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Mar 21, 2011
This week's theme
Miscellaneous words

This week's words
usufruct
bailiwick
effulgent
lapidary
taradiddle

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A.Word.A.Day
with Anu Garg

Anyone who cancels an A.Word.A.Day subscription receives a brief feedback form. The number one reason for cancellations is information overload. I understand. We all get too much email, and the number of messages we receive isn't going down with time. That's why back in 2000 we reduced the frequency from seven to five words a week.

Some of the reasons for dropping the subscription are a little more offbeat. Here are a few comments from the exit survey:

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Unfortunately, we can't do much for those ex-subscribers and ex-girlfriends, but others are more manageable. There are some who say that they want words to be more useful.

The way I look at it, all words are useful, as shown by their use in current newspapers. But I get it. Those readers want words that they may come across more often, yet are somewhat unfamiliar, words such as, invidious, profligate, and exiguous.

This week we'll feature a few miscellaneous words that could be considered more employable by those readers. As for the rest of you, even if you know these words, their etymologies may be something you'll enjoy.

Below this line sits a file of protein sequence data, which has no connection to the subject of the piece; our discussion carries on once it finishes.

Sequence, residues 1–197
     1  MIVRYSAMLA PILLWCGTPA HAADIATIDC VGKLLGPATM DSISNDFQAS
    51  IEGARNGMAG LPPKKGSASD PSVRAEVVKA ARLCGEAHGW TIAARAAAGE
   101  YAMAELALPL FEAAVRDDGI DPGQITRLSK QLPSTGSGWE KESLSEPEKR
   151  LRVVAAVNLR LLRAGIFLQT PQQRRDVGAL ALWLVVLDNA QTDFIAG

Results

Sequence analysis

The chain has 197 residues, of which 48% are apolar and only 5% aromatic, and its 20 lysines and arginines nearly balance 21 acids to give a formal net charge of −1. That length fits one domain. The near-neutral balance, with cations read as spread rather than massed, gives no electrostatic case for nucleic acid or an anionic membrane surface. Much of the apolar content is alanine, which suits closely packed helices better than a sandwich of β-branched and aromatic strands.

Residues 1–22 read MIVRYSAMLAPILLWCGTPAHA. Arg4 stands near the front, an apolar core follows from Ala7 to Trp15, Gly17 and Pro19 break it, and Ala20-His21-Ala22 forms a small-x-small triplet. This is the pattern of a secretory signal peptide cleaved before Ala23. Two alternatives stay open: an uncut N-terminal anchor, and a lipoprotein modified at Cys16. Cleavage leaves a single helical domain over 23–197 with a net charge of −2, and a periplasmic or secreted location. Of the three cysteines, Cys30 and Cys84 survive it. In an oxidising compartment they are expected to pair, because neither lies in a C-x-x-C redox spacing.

And don't wait for the exit survey to tell us what you like or don't like. Send your comments any time to (words at wordsmith.org).

usufruct

PRONUNCIATION:
(YOO-zuh-fruhkt, -suh-)

MEANING:
noun: The right to use and enjoy another's property without destroying it.

ETYMOLOGY:
From Latin ususfructus, from usus et fructus (use and enjoyment). Earliest documented use: 1646.

USAGE:
"It is currently in the process of purchasing perpetual usufruct rights to a number of plots."
Budlex Prepares for Large Residential Project; Warsaw Business Journal (Poland); Jan 17, 2011.

See more usage examples of usufruct in Vocabulary.com's dictionary.

A THOUGHT FOR TODAY:
When I go into the garden with a spade, and dig a bed, I feel such an exhilaration and health that I discover that I have been defrauding myself all this time in letting others do for me what I should have done with my own hands. -Ralph Waldo Emerson, writer and philosopher (1803-1882)

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